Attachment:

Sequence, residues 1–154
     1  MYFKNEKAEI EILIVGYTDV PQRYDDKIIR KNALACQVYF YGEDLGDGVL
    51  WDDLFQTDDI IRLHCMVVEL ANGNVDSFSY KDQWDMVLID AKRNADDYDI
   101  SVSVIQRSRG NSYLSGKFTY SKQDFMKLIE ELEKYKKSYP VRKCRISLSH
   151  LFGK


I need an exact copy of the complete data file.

Sequence, residues 1–154
     1  MYFKNEKAEI EILIVGYTDV PQRYDDKIIR KNALACQVYF YGEDLGDGVL
    51  WDDLFQTDDI IRLHCMVVEL ANGNVDSFSY KDQWDMVLID AKRNADDYDI
   101  SVSVIQRSRG NSYLSGKFTY SKQDFMKLIE ELEKYKKSYP VRKCRISLSH
   151  LFGK